5 Self-Driving Car Risks You Must Know

Self-driving vehicles may be the future, but there is a long way to go before they’re safer than standard vehicles. Drivers looking forward to obtaining a self-driving car will want to make sure they’re aware of the risks. Though there are vehicles that can drive on their own right now, and the technology is always improving, it’s far better to stay in control of the vehicle to reduce any possible risks. Some of the risks of self-driving vehicles include the following. 

Roads Can be Unpredictable

The key to avoiding auto collisions is to pay attention at all times since it’s possible for roads to be unpredictable. There may be new potholes, debris in the road, pedestrians crossing, or a variety of other hazards that require a quick reaction. Drivers can react when they notice these hazards, but self-driving cars may not realize anything has changed in the road. They’ll keep driving, leading to an accident. 

Slower to Respond to Incidents

A driver’s reaction time can vary due to many different factors. Self-driving cars tend to have a slower response to any potential incidents or hazards. If there is an unexpected car accident in front of the vehicle, the driver will be able to see it and respond much faster than a self-driving vehicle could. This means that, if anything happens suddenly on the road, it’s far more likely there will be an accident with a self-driving car instead of one with a driver paying attention.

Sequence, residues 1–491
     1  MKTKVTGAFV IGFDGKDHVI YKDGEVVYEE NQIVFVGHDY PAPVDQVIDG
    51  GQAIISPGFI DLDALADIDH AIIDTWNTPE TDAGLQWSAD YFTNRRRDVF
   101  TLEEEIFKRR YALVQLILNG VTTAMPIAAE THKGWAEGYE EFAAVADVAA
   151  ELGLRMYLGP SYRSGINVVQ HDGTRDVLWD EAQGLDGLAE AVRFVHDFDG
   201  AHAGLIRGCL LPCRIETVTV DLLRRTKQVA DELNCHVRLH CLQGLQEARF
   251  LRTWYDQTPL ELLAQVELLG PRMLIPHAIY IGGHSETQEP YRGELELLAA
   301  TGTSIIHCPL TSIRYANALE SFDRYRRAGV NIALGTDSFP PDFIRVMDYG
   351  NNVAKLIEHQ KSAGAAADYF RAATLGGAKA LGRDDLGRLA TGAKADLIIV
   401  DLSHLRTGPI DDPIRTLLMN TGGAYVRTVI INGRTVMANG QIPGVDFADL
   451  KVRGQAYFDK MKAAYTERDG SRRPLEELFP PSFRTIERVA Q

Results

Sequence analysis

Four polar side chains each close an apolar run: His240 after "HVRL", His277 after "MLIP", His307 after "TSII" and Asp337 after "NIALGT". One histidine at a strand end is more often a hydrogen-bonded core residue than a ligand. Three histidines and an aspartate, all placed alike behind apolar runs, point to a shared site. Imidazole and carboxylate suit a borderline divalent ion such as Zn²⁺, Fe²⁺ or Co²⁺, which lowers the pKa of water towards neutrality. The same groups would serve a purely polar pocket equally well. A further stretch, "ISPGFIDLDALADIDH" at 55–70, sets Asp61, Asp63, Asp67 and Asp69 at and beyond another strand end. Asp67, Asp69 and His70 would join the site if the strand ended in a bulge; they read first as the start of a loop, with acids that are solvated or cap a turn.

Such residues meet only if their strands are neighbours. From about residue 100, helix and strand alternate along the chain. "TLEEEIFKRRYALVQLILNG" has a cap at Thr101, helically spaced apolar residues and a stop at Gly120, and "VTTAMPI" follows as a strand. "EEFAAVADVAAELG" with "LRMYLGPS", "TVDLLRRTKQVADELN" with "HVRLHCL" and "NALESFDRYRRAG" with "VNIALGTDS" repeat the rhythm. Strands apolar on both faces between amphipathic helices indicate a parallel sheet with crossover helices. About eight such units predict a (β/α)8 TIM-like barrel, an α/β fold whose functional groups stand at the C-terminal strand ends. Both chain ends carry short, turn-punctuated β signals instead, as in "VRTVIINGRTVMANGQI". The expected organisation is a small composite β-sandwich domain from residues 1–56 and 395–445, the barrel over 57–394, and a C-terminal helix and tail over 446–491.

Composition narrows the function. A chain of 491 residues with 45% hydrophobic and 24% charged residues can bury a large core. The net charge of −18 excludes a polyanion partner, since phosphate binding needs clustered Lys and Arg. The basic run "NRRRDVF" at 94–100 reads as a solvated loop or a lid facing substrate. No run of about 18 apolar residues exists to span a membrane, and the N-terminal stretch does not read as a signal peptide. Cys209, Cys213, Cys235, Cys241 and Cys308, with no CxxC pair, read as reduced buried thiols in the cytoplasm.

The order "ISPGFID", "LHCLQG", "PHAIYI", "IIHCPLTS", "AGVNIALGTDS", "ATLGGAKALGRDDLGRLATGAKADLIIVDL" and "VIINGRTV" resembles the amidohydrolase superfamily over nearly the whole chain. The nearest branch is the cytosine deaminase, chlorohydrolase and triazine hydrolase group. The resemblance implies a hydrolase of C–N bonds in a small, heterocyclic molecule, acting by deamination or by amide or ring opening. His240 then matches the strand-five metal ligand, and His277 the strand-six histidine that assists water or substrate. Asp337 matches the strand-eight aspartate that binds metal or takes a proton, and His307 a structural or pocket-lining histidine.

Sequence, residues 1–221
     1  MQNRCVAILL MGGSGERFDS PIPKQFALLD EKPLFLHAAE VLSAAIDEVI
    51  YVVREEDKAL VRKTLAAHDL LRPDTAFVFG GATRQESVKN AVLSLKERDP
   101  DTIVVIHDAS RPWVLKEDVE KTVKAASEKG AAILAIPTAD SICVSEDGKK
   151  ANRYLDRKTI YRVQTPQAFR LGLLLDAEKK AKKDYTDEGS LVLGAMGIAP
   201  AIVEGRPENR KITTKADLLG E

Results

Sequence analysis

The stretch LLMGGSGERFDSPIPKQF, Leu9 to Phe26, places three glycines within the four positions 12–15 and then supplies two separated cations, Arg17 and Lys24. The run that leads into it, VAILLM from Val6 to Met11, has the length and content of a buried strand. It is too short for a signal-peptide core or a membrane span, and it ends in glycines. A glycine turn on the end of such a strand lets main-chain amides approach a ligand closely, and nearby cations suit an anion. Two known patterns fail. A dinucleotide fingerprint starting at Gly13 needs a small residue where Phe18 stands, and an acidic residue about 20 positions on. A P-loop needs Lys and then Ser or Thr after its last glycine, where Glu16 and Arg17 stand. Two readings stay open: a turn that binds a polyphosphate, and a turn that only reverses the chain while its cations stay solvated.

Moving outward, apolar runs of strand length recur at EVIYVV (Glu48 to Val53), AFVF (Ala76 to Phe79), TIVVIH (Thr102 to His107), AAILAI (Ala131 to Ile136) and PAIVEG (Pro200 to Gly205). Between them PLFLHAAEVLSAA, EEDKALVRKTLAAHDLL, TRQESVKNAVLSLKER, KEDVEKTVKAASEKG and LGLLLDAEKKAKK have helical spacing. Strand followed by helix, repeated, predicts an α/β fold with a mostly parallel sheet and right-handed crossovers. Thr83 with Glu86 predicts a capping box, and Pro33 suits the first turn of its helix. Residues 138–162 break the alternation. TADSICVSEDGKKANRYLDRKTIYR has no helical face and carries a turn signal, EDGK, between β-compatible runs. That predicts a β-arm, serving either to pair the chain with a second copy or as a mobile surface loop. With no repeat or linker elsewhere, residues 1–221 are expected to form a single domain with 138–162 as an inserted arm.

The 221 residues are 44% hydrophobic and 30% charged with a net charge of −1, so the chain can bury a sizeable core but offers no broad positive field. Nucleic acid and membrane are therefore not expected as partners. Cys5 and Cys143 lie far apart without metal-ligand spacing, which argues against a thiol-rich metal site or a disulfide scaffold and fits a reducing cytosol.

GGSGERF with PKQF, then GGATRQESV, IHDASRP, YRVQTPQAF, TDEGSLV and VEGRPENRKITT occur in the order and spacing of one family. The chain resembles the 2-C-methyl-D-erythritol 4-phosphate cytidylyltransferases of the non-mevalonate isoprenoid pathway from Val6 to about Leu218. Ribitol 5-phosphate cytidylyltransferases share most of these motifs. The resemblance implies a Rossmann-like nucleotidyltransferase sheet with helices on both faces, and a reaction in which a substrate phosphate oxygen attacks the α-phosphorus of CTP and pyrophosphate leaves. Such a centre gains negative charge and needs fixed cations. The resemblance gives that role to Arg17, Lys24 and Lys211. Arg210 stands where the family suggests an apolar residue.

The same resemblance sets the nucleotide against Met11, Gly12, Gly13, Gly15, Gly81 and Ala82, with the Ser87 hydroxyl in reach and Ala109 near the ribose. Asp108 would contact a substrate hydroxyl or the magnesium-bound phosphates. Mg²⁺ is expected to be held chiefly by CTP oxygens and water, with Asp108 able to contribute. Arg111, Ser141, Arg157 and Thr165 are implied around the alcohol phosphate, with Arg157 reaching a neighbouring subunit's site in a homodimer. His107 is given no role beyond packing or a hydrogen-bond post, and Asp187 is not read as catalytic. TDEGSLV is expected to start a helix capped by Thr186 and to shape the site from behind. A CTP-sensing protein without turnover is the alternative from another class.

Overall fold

Hacking is Possible

Self-driving vehicles rely on technology to work properly, and that means there is a potential for them to be hacked. This could be done just to unlock the vehicles to steal the car or anything inside it, but it could be far more dangerous, as well. In fact, it’s possible that a hacker could get control of the vehicle and adjust acceleration, braking, navigation, and far more. 

Vehicle Doesn’t Auto Adjust for Conditions

Along with having a slower reaction time, self-driving vehicles don’t auto-adjust for road conditions. If it’s raining, the vehicle isn’t going to automatically slow down some to make sure there is plenty of time to spot if there is a hazard in the road. Not adjusting means there is a higher potential for accidents to occur in inclement weather or if there are any other conditions that would typically mean a driver needs to adjust how they drive. 

Difficulty Navigating Without GPS

Though this doesn’t necessarily lead to a risk of accidents, self-driving cars rely on GPS to navigate. In areas where GPS is unavailable due to a lack of cell towers or where there are no maps for the GPS to use, the vehicle is going to be unable to navigate at all. This will require the driver to take control of the vehicle again since the vehicle will not know where to go or how to navigate the roads without risk. 

Self-driving cars may be what everyone is looking forward to, but they’re not ready for use quite yet. There are still a number of risks for vehicle owners to be aware of, especially if they decide to use the self-driving mode on their newer vehicles. These issues are currently being worked on, so there is a possibility they’ll be reduced in future vehicles, but for now, it’s far better to remain in control of the vehicle at all times. 

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